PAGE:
32. greg – thanks for bringing that verse to my attention, I hadn't noticed it before (shame!)Just off the top of my head, in the context of Matthew there is a clear distinction between whatever is going on in verse 52 (I'm not sure about what that is – I'll look up some reference material )and the resurrection of Jesus.In the context of the narrative of Matthew, Jesus' resurrection can be taken to be the final and most convincing of all his proofs of deity.

  33. I think you are right to require “very reliable evidence” that Jesus rose from the dead.It is very difficult to get independent sources for any aspect of history as old as the life of Jesus… Is anyone else seeing a problem here?

  34. You are not justified in believing religious beliefs to be false, since religion is inherently non-falsifiable. However, the religious are also not justified in believing religious beliefs to be true, since they are non-falsifiable. Both sides need to come to agreement on this point for any more philosophical progress to be made.What gets lost in the fray when the debate about theism rages on is that religion – at least the Catholocism that I know – is (should be) a faith in revelation. A revelation that occured some 2,000 years ago that you, nor I, nor the students at Biola have the ability to prove or disprove. The practice of argument development at Biola that you discuss is indeed distasteful and in my view unethical, specifically on scientific grounds, for this very reason.Maybe the empirical revelations in biology and astrophysics of the following 2 millenia has convinced you and others, significantly, that this spiritual revelation was a big scam. Mabye this is the grand falsifiability experiment. Fine, and as an empiricist I would mostly agree with how you developed such a conclusion. But the issue at hand is still whether or not you can disprove the religious tenet, and you can't.Due to this frustration (let's not even get into multi-verse theory), Hitchens, et al. extrapolate the rules and regulations of particular religions and pinpoint the selective disagreement with some, or all, of the rules as sufficient evidence that even the devoutly religious are discretionary thinkers (those silly humans, who knew?), picking and choosing faith a la carte. It follows then that those who accept revelation in true faith then disregard the requirements of that faith are hypocrites. There is some truth to that, but again, does this disprove revelation? No. So where does that leave us? Where Ockham was 700 years ago. For us religious folk, faith must remain as simple faith, nothing more. There can be no experimentalism, no rationalizing doctrine and emipirical findings (i.e. no natural law or creationism or Intelligent Design.) There can be no thoroughly crafted argument to prepare against the philosophy and science of non-believers or those of another belief system. We should accept – with open arms – all of the facts divulged by rigorous empiricism. We should welcome the thoughts of Hitchens and Dawkins as challenging and explanatory, not counterproductve and critical. Each new empirical revelation opens up our world and universe to more questioning and more exploration; this can only be seen as a wonderous achievement of man. The only response a believer can have when challenged on theism is “I believe.” You must accept that response, and accept the fact that you can't (yet)disprove their belief.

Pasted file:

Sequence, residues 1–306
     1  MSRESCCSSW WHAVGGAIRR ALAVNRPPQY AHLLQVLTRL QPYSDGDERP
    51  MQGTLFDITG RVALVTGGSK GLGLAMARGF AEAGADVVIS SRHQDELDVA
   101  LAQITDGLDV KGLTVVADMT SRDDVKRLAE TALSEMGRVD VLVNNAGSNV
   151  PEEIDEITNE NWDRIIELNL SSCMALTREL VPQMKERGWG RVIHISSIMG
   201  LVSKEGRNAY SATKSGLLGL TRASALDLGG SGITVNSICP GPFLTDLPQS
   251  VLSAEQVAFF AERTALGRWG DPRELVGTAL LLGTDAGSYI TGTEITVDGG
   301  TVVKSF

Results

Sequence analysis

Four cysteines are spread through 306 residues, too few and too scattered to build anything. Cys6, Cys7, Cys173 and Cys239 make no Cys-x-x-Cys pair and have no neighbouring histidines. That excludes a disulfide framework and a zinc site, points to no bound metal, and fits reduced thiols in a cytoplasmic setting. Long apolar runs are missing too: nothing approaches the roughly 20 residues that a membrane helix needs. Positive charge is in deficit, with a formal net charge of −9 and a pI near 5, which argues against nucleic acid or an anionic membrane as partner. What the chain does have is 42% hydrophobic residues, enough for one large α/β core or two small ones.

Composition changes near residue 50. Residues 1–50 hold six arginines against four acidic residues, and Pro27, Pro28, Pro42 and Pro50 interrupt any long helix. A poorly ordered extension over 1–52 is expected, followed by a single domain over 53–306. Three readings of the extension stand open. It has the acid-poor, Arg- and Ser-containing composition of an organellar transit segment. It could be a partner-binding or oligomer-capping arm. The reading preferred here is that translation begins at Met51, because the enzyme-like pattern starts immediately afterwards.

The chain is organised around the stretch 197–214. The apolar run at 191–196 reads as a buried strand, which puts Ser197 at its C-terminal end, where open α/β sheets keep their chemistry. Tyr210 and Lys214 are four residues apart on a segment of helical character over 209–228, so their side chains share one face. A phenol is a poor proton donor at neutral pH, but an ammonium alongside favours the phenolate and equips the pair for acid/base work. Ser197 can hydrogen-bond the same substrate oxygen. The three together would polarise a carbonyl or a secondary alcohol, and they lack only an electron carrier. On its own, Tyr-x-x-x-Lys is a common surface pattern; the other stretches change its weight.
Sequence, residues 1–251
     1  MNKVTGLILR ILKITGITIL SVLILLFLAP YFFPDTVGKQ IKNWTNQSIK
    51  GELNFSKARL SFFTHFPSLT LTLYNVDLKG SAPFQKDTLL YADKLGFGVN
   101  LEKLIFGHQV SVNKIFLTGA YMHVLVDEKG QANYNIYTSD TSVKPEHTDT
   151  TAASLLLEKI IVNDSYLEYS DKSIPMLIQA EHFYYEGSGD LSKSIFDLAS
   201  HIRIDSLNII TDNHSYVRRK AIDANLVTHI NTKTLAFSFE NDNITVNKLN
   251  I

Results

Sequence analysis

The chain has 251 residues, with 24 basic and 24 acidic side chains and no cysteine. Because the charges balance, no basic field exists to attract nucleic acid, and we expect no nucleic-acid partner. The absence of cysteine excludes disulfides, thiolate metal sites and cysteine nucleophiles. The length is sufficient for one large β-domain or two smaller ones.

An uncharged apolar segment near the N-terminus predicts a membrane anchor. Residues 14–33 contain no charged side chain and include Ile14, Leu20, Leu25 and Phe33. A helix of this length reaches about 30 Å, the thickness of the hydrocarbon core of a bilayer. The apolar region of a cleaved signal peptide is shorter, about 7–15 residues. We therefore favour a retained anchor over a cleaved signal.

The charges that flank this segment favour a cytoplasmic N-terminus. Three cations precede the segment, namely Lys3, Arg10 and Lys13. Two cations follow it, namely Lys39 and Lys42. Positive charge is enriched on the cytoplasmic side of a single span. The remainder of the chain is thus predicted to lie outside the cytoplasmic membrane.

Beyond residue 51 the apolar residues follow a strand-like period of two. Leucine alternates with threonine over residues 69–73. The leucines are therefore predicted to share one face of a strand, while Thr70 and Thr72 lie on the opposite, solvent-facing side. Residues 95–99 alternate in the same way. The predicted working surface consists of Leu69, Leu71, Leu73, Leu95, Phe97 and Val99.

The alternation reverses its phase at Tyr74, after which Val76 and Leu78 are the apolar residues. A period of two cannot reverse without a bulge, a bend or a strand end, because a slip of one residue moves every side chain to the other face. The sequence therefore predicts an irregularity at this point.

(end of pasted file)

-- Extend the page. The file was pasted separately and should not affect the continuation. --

35. From wikipedia:”Weak and strong atheism:Strong atheism is a term generally used to describe atheists who accept as true the proposition, “gods do not exist”. Weak atheism refers to any other type of non-theism. Historically, the terms positive and negative atheism have been used for this distinction, where “positive” atheism refers to the specific belief that gods do not exist, and “negative” atheism refers merely to an absence of belief in gods.””Dawkins describes people for whom the probability of the existence of God is between “very high” and “very low” as “agnostic” and reserves the term “strong atheist” for “I know there is no god”. He categorises himself as a “de facto atheist” but not a “strong atheist” under this definition.”Are you a strong atheist? And if so why?Happy easter (if americans say that)